Wednesday, June 24, 2015

New Jersey Lighthouse Society Celebrates 25 Years!

There are so many lighthouse groups around the United States and the world, and all of them do good work. One of the earliest groups in the United States was the New Jersey Lighthouse Society, which formed on June 24, 1990 as a chapter of the U.S. Lighthouse Society. The group is 25 years old today, June 24, 2015, and now operates as an independent 501c3 organization.

The first meeting of the NJLHS (New Jersey Lighthouse Society) was held at the Atlantic County Library in Mays Landing. There were nineteen members in the original group. Today, there are many, many more. This active society has accomplished a great deal in its 25 years, educating the public and fostering preservation efforts at Garden State lighthouses.

The society's original logo featured Sandy Hook Lighthouse, the oldest standing, operative lighthouse in the United States. The Sandy Hook Lighthouse was commissioned in 1764. (Note the postcard below says 1762. The lighthouse was still not illuminated at that time.) Last June 2014 it celebrated 250 years of service to mariners. The society's current logo, shown above, still features the historic Sandy Hook Lighthouse.

There are about a dozen lighthouses in New Jersey. You'll find a variety of architectural styles, from the old octagonal stone tower at Sandy Hook to the twin lighthouses at Navesink. Hereford Inlet Lighthouse is a handsome carpenter gothic lighthouse; only a few of this style were built in the United States, most in California. Barnegat, Absecon, and Cape May lighthouses are tall conical brick towers, fun to climb and with fabulous views from the top. Sea Girt and East Point lighthouses are both house-top towers. (Who wouldn't like a lighthouse on top of their house?) The Finn's Point and Tinicum lights are iron-pile towers with central stair cylinders and tubular legs.

 Above--Absecon Lighthouse
Below--Navesink Twin Lights

Above--Tinicum Rear Range Lighthouse
Below--East Point Lighthouse

Above--Hereford Inlet Lighthouse
Below--Cape May Lighthouse

The society produces a newsletter and holds regular meetings around the state. Most New Jersey lighthouses are easily accessible, and many operate as museums. The society website offers much information for travelers and people interested in history and lore. I visited the website today and was glad to find some trivia questions and a matching game. There are special tours to lighthouses outside New Jersey. This month, for example, the group is going to Michigan. Also, you can get a souvenir postal cover of the Sandy Hook Lighthouse's 250th celebration for a mere $2.00! Go to the website (address below) and find out how to get one.


I think the most notable accomplishment of the New Jersey Lighthouse Society was the creation of the first "lighthouse challenge," an autumn weekend of fun for the public visiting New Jersey's lighthouses. Many other groups have copied this event, which seems fine with the NJLHS. They're simply glad to share a good idea!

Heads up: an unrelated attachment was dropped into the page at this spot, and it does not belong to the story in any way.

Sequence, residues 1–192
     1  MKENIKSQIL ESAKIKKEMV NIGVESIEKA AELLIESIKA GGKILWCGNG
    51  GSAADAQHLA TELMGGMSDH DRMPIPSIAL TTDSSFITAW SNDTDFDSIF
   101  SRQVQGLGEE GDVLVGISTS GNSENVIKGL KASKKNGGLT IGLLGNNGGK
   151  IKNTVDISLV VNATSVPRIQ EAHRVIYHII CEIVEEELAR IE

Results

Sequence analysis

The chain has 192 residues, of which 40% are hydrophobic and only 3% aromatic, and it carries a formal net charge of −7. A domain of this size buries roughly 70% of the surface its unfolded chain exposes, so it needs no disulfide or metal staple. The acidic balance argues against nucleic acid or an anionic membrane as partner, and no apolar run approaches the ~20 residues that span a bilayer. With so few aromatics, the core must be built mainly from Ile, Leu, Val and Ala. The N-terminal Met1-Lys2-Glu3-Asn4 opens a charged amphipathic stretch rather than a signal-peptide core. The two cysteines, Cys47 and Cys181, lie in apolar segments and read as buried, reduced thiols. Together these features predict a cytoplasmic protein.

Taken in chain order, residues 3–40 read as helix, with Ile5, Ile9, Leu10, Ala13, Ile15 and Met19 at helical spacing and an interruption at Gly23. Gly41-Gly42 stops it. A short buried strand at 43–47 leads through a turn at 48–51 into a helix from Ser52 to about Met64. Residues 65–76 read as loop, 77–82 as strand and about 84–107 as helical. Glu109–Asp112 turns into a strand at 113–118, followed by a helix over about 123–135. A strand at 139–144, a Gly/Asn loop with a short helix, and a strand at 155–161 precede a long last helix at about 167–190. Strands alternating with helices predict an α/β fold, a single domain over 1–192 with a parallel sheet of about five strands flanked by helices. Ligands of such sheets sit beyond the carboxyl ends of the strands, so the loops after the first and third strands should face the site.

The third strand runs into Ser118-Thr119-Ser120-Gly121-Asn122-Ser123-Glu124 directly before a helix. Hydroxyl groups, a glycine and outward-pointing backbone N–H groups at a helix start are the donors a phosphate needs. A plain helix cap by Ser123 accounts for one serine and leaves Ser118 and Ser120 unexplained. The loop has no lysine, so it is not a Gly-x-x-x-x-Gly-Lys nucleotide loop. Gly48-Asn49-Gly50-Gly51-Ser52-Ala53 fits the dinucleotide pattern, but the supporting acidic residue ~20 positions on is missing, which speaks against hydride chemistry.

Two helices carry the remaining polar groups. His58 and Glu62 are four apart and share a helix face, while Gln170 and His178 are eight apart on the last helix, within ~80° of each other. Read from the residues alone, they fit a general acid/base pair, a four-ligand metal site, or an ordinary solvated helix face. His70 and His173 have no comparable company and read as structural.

I was a special guest at one of the challenges. Hereford Inlet Lighthouse invited me to sit at a table on their back porch, meet challenge participants, and sign my books. It was a glorious day, the gardens at the lighthouse were still in bloom, and many people came to share in the fun. I enjoyed meeting all of them! Here are some images taken that day--

Lighthouse fan, Tom Bodall, bought a book and asked me to sign it, then asked my husband to take our picture. Tom posted this image online. It remains one of my favorite fan photos.
Another visitor showed me her fancy lighthouse fingernails!

NJLHS is a terrific organization. If you'd like to learn more, join the group, attend a meeting or trip, or volunteer to help out with the society's work, go to their website at or email them at The next society meeting is this Saturday, June 27th at 10:00 a.m. at Maurice River Township Elementary School, 3593 Route 47, Port Elizabeth, NJ 08348. The public is always welcome at meetings, which usually include a speaker, refreshments, displays, and souvenirs to purchase. This Saturday's meeting includes a talk on East Point Lighthouse and a silent auction, followed by a tour of East Point Lighthouse. What fun! I used to attend the meetings regularly when I lived in Connecticut, just a few hours drive from my home. (It's a bit more difficult to go now that I live in the Pacific NW.)

Sandy Hook on its 250th birthday! From

If you haven't yet visited the Garden State lighthouses, plan to go. The NJLHS has done a fabulous job saving their lighthouses and educating us about them. Congratulations to these hardworking people on 25 years of service!

1 comment:

  1. Great to read about the New Jersey Lighthouse Society and the important work they do. They truly are "history heroes," along with everyone who works to preserve these wonderful places. The Hereford Inlet Lighthouse looks like a cottage straight out of a fairy tale--love the lighthouse postcards you posted, Elinor. I'm looking forward to visiting the NJLHS website and also sending off for the keepsake postcard. Fun!


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